A panel of U.S. lawmakers voted Wednesday to advance a bill that would make it easier to ban Chinese-owned video sharing app TikTok, amid criticism that the proposal threatens free speech.
The Deterring America's Technological Adversaries (DATA) Act passed the Republican-led House Foreign Affairs Committee on a party-line vote but faces opposition from free speech campaigners and Democrats when it comes up for votes in the full House and Senate.
"My bill mandates the administration to ban TikTok or any software applications that threaten U.S. national security," said the committee's chairman Michael McCaul.
"And make no mistake — TikTok is a security threat. It allows [China] to manipulate and monitor its users while it gobbles up Americans' data to be used for their malign activities."
TikTok is owned by Chinese firm ByteDance, which is being scrutinized in multiple countries over privacy and surveillance concerns.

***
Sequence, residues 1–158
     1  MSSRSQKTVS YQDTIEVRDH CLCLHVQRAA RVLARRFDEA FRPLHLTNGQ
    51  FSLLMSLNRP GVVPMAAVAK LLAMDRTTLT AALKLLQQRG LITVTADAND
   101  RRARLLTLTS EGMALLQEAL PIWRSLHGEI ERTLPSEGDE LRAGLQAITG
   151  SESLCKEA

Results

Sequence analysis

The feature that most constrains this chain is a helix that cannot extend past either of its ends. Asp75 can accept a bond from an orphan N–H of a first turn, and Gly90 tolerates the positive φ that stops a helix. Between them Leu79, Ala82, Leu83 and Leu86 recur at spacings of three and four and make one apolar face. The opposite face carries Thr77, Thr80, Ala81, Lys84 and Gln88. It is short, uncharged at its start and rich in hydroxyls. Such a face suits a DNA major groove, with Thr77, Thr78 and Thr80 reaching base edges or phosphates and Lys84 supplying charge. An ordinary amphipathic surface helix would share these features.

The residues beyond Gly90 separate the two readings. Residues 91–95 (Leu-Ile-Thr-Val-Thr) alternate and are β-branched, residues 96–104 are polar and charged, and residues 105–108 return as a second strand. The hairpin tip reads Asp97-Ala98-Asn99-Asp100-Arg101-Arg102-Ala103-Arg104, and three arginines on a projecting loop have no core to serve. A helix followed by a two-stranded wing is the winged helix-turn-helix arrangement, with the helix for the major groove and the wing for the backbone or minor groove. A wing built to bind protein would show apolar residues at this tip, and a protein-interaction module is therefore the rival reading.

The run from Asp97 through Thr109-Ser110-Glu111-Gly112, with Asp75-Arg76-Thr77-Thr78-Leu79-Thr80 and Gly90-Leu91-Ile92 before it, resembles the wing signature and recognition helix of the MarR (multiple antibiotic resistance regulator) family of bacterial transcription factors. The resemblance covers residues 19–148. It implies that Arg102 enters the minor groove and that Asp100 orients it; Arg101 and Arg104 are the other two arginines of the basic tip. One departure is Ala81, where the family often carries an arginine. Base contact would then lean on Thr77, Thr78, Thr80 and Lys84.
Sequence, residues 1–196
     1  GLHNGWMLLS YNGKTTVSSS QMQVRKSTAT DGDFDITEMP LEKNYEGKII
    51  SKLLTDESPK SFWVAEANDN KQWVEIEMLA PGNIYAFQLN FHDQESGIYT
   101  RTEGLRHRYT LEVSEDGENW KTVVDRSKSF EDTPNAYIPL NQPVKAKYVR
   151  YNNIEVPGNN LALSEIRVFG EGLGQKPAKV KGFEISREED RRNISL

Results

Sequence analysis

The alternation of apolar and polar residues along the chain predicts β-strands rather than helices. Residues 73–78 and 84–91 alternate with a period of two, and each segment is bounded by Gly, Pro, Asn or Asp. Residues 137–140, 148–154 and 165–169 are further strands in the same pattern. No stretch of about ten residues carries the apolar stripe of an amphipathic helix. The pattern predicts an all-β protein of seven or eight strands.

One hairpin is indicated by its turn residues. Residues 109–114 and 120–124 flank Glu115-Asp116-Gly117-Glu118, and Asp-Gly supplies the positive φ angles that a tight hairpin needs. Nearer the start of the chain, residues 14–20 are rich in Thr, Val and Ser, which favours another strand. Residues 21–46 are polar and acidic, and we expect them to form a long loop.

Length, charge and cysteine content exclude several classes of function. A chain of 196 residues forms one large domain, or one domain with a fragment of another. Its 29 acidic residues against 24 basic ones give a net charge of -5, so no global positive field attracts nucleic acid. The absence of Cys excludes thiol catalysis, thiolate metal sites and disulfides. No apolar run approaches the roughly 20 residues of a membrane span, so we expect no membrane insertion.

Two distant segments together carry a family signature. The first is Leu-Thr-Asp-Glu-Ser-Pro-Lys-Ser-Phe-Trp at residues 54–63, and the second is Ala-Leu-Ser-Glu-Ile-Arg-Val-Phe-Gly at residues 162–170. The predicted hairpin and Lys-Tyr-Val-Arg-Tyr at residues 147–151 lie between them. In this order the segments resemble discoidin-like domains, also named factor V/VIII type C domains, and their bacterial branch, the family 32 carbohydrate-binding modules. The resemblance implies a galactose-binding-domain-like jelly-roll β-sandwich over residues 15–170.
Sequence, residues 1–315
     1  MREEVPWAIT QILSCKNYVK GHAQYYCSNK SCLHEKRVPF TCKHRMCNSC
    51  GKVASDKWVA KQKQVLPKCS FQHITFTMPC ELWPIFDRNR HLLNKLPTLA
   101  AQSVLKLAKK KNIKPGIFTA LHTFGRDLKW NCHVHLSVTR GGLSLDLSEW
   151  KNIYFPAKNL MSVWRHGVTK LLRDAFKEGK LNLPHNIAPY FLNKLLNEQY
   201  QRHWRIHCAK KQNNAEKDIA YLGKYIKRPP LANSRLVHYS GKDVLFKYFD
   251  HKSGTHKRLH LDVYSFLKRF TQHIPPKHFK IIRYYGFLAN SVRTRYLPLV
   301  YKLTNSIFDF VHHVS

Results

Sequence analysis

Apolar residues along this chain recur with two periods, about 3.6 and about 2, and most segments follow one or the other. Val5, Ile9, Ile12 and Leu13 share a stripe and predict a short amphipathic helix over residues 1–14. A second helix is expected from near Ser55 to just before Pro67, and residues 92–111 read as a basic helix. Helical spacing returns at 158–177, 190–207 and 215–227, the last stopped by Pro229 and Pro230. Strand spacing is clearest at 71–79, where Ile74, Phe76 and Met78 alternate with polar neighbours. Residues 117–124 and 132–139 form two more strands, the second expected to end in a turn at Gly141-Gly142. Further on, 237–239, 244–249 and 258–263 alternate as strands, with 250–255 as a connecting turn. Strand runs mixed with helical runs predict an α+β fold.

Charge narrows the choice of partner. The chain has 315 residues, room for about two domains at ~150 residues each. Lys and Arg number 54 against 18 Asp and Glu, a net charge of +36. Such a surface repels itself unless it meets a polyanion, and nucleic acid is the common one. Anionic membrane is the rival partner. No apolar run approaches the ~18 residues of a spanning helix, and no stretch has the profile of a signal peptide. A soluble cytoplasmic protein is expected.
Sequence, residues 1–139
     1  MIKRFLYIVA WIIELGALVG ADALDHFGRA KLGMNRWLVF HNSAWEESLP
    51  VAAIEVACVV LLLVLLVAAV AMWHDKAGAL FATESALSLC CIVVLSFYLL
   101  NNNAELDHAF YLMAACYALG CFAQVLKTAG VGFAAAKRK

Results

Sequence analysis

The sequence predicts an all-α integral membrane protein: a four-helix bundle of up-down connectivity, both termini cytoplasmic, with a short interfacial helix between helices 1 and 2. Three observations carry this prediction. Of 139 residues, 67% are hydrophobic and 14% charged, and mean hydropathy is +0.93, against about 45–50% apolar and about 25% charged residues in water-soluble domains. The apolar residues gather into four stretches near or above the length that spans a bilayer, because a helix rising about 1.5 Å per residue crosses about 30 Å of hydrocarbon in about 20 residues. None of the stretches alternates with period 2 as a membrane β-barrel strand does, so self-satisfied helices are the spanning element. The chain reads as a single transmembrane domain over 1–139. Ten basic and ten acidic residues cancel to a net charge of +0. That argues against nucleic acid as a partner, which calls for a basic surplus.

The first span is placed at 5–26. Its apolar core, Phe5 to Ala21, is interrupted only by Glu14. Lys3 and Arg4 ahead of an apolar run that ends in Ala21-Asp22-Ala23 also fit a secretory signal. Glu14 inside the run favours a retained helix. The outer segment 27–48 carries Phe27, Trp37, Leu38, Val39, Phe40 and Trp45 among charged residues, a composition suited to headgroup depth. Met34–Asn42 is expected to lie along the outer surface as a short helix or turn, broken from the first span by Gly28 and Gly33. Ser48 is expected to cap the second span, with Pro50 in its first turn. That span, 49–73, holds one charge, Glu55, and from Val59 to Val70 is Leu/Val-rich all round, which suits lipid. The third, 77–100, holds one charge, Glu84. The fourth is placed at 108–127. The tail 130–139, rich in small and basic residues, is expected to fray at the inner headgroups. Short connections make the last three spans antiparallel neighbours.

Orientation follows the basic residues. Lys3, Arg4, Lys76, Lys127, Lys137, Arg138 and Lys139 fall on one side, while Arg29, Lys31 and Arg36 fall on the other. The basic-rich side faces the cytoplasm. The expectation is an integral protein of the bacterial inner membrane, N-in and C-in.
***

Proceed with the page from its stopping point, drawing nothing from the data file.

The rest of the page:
The legislation aims to counter a 1980s amendment barring the government from restricting the free flow of visual entertainment between foreign countries by making an exception for "sensitive personal data."
It requires the administration to impose penalties — up to and including bans — on companies determined to have knowingly given TikTok's user data to "any foreign person" with links to the Chinese Communist Party.
A TikTok official said the company was "disappointed to see this rushed piece of legislation move forward" in Congress.
"A U.S. ban on TikTok is a ban on the export of American culture and values to the billion-plus people who use our service worldwide," spokeswoman Brooke Oberwetter said in a statement.
In a letter sent to the committee on Monday, the American Civil Liberties Union said the legislation would violate the First Amendment rights of millions of Americans.